For Crane, nature in itself was insufficient, no matter how many years the residents of Paterson had enjoyed the wildness and beauty of the area. He felt that the “artful refinement” of nature would lead to “aesthetic contemplation” in people with refined taste, who could appreciate the artifice imposed upon the wilderness of the falls. Indeed, nature was meant to be domesticated for human use and enjoyment, sculpted into a scene that could cultivate social interactions and spiritual uplift. Apparently, for Crane and his fellow improvers, nature needed human help to achieve its best state.

Crane further desired to conquer nature through technological prowess. His customers needed easy access to Forest Garden, so he endeavored to build them a bridge. The Clinton Bridge was a marvel of engineering that spanned the Passaic Falls, taming the natural wonder. Crane even devised a spectacular show on the day his workmen stretched the bridge across the chasm. Of course, his show was interrupted by Sam Patch’s first public jump. Sam, like many of his fellow workers, was disgusted by Crane’s usurpation of the town’s natural recreation area for his own purposes and ideals. Sam, therefore, jumped directly into the natural environment Crane was trying to subdue.

Some upper-class Americans of the early 1800s assumed a different view of nature than that of the manufacturers or developers. These “scenic tourists,” like Colonel William Leete Stone, sought sublimity in nature. They strove after its aesthetic value, pursuing the most beautiful vistas that could lift them to spiritual heights and provide them with a sense of “ennobling terror,” of grandeur and majesty. These aspirants to the sublime, however, wanted all of nature’s awe but none of its danger. Such demands led people like Niagara Falls hotel owner William Forsyth to create elaborate systems of paths, stairs, bridges, walkways, and ferries that would lead tourists to the most breathtaking views in complete safety. In so doing, they, too, attempted to conquer nature and subordinate it to human desires.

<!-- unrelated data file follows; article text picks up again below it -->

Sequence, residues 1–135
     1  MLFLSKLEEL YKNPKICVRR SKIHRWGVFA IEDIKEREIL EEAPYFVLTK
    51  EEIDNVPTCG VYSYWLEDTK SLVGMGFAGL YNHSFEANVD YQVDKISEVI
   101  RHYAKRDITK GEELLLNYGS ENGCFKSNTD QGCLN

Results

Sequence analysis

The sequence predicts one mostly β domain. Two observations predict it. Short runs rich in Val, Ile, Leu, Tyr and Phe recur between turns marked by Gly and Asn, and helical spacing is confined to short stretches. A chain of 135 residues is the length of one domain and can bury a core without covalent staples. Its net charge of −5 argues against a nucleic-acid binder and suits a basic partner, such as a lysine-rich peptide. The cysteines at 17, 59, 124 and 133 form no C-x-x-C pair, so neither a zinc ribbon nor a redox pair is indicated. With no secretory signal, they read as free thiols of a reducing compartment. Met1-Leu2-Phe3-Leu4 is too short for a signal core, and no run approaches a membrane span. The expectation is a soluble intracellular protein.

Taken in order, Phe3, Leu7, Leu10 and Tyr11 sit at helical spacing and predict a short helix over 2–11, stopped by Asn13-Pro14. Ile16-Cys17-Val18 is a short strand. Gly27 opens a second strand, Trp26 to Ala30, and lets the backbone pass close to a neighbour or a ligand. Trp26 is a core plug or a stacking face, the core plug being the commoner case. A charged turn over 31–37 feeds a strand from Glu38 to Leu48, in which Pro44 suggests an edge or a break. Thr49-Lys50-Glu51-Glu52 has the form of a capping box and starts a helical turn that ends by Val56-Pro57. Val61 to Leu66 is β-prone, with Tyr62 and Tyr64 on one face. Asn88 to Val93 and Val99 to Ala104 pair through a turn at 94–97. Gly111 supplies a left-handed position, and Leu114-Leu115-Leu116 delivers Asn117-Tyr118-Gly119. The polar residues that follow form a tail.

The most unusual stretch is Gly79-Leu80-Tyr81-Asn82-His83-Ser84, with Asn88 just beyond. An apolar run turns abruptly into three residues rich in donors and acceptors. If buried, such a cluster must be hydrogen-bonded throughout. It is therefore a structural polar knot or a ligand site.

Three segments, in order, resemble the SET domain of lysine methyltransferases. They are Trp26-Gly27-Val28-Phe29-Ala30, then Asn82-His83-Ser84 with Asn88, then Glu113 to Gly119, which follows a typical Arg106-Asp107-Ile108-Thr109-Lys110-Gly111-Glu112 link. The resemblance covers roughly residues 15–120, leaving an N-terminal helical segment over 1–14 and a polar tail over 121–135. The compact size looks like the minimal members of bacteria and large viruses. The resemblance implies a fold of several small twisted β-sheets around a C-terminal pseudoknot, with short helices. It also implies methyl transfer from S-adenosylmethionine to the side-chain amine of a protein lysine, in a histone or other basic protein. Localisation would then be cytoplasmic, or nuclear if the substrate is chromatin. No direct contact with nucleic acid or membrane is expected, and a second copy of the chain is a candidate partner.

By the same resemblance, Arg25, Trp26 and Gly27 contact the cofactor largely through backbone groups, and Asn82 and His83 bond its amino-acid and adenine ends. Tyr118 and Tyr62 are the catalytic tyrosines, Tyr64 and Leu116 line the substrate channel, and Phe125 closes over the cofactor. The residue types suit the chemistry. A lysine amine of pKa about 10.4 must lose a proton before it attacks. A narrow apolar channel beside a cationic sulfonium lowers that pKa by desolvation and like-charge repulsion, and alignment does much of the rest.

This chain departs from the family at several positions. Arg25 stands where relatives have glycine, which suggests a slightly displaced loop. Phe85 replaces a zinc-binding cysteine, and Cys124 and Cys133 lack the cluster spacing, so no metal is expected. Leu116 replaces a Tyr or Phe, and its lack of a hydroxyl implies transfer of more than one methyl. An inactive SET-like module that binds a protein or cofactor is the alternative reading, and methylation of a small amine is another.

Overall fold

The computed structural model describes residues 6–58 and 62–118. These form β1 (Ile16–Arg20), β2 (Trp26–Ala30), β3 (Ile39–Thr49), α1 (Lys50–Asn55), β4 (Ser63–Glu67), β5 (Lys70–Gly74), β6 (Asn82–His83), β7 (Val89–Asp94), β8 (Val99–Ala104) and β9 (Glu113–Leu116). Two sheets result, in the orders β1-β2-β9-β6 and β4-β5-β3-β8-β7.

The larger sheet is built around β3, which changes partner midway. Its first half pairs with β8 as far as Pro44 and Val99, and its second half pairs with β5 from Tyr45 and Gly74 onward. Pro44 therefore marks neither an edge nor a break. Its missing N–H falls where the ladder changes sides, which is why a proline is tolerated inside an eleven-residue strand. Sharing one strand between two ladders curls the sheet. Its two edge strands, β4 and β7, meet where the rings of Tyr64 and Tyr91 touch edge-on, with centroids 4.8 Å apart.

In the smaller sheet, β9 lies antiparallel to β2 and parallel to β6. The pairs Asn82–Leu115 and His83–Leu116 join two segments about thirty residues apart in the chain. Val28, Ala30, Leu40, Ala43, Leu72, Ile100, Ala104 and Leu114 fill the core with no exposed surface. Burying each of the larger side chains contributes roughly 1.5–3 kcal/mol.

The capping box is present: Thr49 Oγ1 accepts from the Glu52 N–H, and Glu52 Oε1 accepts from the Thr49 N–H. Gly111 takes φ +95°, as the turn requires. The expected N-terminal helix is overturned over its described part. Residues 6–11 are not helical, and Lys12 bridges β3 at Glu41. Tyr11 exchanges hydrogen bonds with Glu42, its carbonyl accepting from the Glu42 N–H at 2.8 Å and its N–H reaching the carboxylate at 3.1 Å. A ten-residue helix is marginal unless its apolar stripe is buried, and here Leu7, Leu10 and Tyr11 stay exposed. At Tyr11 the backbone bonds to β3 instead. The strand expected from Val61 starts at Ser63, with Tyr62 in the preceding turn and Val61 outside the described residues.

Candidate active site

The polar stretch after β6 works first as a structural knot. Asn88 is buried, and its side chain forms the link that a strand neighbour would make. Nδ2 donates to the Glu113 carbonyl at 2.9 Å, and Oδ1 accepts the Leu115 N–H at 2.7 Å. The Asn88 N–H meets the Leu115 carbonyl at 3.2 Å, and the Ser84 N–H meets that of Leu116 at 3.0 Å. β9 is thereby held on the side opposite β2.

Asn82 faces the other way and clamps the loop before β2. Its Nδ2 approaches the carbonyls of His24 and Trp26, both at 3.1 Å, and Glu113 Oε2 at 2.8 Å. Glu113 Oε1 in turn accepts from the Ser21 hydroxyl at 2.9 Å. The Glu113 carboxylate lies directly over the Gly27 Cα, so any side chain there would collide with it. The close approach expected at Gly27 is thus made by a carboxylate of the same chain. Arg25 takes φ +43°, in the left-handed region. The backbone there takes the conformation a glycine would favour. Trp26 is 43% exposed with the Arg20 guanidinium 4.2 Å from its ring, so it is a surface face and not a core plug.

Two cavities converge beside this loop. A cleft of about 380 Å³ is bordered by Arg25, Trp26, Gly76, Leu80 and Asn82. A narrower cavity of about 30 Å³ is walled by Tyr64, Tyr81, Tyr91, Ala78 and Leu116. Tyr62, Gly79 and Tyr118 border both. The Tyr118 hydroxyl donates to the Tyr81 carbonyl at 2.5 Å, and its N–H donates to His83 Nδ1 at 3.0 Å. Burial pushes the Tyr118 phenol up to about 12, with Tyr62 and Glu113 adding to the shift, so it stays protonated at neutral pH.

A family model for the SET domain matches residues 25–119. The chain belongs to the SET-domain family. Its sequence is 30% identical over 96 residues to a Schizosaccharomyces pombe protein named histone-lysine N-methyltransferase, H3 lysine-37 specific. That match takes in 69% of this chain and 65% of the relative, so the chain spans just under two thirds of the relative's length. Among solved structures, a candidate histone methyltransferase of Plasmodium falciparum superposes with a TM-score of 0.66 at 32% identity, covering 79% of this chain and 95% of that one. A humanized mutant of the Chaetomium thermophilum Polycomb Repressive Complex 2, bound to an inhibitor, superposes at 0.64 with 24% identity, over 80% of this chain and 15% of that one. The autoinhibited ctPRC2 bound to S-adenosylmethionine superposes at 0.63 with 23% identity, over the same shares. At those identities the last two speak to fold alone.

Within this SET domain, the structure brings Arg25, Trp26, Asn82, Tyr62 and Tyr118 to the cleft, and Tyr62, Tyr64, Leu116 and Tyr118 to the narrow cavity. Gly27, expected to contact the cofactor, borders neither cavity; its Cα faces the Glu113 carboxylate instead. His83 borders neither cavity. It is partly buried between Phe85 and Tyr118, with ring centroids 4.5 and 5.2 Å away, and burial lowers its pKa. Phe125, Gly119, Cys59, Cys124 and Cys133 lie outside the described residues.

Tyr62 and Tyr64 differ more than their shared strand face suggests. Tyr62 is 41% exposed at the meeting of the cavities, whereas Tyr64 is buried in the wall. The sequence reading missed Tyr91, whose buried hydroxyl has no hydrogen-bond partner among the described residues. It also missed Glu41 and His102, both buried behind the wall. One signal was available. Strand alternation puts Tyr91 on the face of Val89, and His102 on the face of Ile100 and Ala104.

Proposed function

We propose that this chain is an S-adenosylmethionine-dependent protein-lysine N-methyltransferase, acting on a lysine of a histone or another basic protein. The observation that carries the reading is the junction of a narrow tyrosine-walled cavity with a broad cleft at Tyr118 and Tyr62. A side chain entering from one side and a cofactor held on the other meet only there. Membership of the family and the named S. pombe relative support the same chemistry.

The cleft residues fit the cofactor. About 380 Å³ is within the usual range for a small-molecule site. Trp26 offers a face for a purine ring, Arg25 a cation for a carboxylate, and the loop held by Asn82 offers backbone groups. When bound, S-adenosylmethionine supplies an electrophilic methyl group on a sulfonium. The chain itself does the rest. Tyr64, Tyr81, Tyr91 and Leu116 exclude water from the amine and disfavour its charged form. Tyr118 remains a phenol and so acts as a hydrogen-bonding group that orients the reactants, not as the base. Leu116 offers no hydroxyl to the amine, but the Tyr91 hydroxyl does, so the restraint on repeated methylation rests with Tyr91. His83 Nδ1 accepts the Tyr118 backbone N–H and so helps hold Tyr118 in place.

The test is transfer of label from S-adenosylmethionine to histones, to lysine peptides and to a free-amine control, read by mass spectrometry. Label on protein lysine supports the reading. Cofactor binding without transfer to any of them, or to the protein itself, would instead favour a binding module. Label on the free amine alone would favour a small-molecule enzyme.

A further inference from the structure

Politics, Class, and Identity

In the United States in the early nineteenth century, politics and identity fit together firmly, as Paul E. Johnson shows in Sam Patch, the Famous Jumper. The educated upper classes and the middle-class people who aspired to imitate them tended to identify with the Whig party and adopt a particular set of beliefs about economics, government, culture, entertainment, education, and society. Some Whigs, like Colonel William Leete Stone, pursued the finer things in life: the sublimity of nature, the beauty of art and literature, and the wealth that allowed them to live as they pleased. Other Whigs, like the middle-class citizens of Rochester, sought to improve their lives and gain respectability through hard work, strict moral values, and domestic satisfaction. They, too, appreciated good taste and proper etiquette without embracing the luxuries of their upper-class counterparts; in fact, they often considered such ostentation thoughtless at best.

Despite their differences, however, nearly all Whigs could and did agree on one thing: their disdain for the Democrats. Indeed, the Democrats, while diverse among themselves, identified themselves with the working-class Americans who did not care much about proper grammar or taste but worked hard, fought hard, and played hard. Democrats called loudly for universal white male suffrage—an idea despised by Whigs—and scorned what they viewed as Whig snobbery about theatrical entertainment, drink, and amusement. Rochester’s “sportsmen,” for instance, were intent on having a good time in fellowship with one another and making fun of the establishment. Indeed, Democrats like these embraced Sam Patch as one of their own, a working man and a self-made hero who represented their values and interests.

The figure of Sam Patch illustrates how the issue of class was deeply interwoven with the politics of the time—and how these economic and political realities could feed one’s sense of personal identity. In his daring showmanship, Sam Patch sought to project his working-class identity. Patch and his supporters relished the idea that a man of humble origins could achieve success and fame through hard work and courage. He specifically intended his stunts to defy and draw attention from bourgeois and upper-class institutions. In turn, the Democratic party adopted Patch as a hero, showing how personal identity could play a role in the political arena.